With their seventh pick in the 2016 draft and the 219th overall pick, the Broncos selected Will Parks, the hybrid safety/cornerback out of Arizona. Parks was a very under the radar prospect and wasn’t on many (if any) national rankings (including my own). I admit that despite following the Pac-12 closely and having prepared diligently for this draft, Parks was a prospect I hadn’t heard of or studied on film.
I scoured the web for film on Parks (thank God for youtube and draftbreakdown.com) and found two great examples of his strengths and weaknesses. The first was his best game of the season against UTSA, the other was against UCLA.
First off, Parks stands out as a versatile player with a very diverse skill set that allows him to be a factor in all facets of the game. He’s a more than willing hitter, looks to lay the wood on receivers over the middle and when coming downhill in run support, has had some big hits in his career. Better than safety ability in coverage, has man skills to stick with receivers, has been used in zone and done well also. Plays well when facing the action and has had his share of deflections, suggesting some decent awareness, eyes and ball skills (interceptions are lacking only two in the last two seasons). Parks is a weapon covering in the slot, area where he probably performed at his best and promises most projecting to the NFL. He is long and fits the prototype of longer versatile safeties who can be assets in the slot and trusted to help against the run.
Another great quality in Parks is that he doesn’t give up on the play, he’s the type of player who will run down a receiver even if he’s on the other side of the field and twenty yards back, he plays with undeniable heart and will. Considering all this and his versatile skills he should be an immediate contributor on special teams.
Parks excelled against UTSA in week one of the college football season, deflecting three passes, forcing a fumble and totaling eleven tackles. He truly flashed his full potential and ability as a playmaker all over the field.
That said, while versatile and able to help against the run and pass, I’m not sure Parks has a defined role or is truly elite in any one particular skill. He lacks the lateral range and recovery speed to play as a single-high centerfielder type safety, he’s often almost in position but just a step slow to make the play. He lacks the size to play as a strong safety in the box, not to mention the explosiveness to be an added run defender against bigger more athletic professionals and more complex offensive schemes. As a corner, he’d be limited to a slot role, but again there are definite doubts as to whether he can be a starting corner in nickel or on the outside in the NFL as his cover skills are far from perfect. He’s been praised for his awareness but I didn’t come away particularly impressed with his instincts. I felt he had some misreads against UCLA and wasn’t as sharp playing against better/faster competition and game speed.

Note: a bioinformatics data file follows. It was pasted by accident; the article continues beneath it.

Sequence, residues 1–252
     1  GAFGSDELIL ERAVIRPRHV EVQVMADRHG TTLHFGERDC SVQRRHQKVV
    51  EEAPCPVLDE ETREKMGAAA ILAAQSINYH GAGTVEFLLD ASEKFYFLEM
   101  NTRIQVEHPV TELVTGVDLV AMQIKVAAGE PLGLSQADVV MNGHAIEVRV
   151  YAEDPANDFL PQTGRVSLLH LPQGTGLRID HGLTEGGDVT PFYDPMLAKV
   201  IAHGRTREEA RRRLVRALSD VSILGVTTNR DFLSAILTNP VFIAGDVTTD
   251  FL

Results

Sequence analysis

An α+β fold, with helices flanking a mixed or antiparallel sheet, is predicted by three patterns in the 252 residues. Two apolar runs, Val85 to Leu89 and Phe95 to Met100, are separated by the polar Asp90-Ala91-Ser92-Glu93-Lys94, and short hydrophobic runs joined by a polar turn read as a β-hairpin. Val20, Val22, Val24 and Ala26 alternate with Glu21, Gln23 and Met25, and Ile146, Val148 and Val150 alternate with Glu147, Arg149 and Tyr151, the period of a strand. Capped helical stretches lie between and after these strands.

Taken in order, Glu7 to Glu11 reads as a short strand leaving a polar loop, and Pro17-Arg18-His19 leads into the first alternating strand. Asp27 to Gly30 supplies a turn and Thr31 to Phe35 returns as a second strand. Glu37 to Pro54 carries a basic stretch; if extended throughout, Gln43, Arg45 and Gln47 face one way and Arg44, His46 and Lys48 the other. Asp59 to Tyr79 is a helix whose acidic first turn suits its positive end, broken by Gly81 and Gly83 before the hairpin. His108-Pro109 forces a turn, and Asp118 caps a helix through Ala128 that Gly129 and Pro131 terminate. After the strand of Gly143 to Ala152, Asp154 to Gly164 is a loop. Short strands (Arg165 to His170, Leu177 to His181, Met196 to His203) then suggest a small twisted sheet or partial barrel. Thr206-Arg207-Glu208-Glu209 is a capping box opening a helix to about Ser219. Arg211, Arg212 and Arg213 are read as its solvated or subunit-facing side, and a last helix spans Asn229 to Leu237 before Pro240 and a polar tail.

Parks is probably limited to a hybrid safety nickel role in sub packages and will have to leave a mark on special teams. His athletic testing numbers were underwhelming for the positions NFL standards, he ran a 4.63 forty yard dash, and his jumps were below average, he did, however, show good agility in the three-cone (7.02), confirming his potential to cover in the slot. Because of all this, his upside is limited.
Parks was one of the better members of a bad secondary, with lots of misalignments and confused players, hard for a safety and nickel defender to play well in such contest and this has to be a big reason for some of his sub-par tape and missed reads. His production was better in 2014 (81 tackles, 13 tackles for a loss, 8 pass breakups, and 2 interceptions) when Arizona was much more stout defensively and a more competitive as a team in general.
The value of the pick isn’t great, especially with talented safeties like Jeremy Cash and Jalen Mills still on the board. This could be a David Bruton replacement who has similar traits, especially coming into the league: good length, lean frame, able to do lots of things but not great in anything and a bit slow. If Parks can play with the same heart and dedication he could have a chance to carve out a position like the recently departed special teams captain and slowly develop into a role as a sub-package player and backup safety. Parks is a high floor but limited ceiling type selection, who can be a useful depth piece. He follows the trend of the last few years where the Broncos take flyers on defensive backs late in the draft.